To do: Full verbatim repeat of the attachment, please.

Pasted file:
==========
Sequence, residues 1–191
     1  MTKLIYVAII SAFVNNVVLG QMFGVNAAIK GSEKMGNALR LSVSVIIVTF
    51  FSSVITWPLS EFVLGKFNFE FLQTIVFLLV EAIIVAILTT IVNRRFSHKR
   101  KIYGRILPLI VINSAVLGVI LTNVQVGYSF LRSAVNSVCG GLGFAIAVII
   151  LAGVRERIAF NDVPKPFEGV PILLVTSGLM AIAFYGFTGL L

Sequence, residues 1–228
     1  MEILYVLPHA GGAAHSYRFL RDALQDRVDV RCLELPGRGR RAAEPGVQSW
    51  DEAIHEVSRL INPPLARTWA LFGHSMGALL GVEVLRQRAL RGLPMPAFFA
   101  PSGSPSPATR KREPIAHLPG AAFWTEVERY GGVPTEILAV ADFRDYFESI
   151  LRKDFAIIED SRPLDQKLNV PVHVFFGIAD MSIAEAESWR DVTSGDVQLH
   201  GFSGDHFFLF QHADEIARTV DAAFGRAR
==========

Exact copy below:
Sequence, residues 1–191
     1  MTKLIYVAII SAFVNNVVLG QMFGVNAAIK GSEKMGNALR LSVSVIIVTF
    51  FSSVITWPLS EFVLGKFNFE FLQTIVFLLV EAIIVAILTT IVNRRFSHKR
   101  KIYGRILPLI VINSAVLGVI LTNVQVGYSF LRSAVNSVCG GLGFAIAVII
   151  LAGVRERIAF NDVPKPFEGV PILLVTSGLM AIAFYGFTGL L

Sequence, residues 1–228
     1  MEILYVLPHA GGAAHSYRFL RDALQDRVDV RCLELPGRGR RAAEPGVQSW
    51  DEAIHEVSRL INPPLARTWA LFGHSMGALL GVEVLRQRAL RGLPMPAFFA
   101  PSGSPSPATR KREPIAHLPG AAFWTEVERY GGVPTEILAV ADFRDYFESI
   151  LRKDFAIIED SRPLDQKLNV PVHVFFGIAD MSIAEAESWR DVTSGDVQLH
   201  GFSGDHFFLF QHADEIARTV DAAFGRAR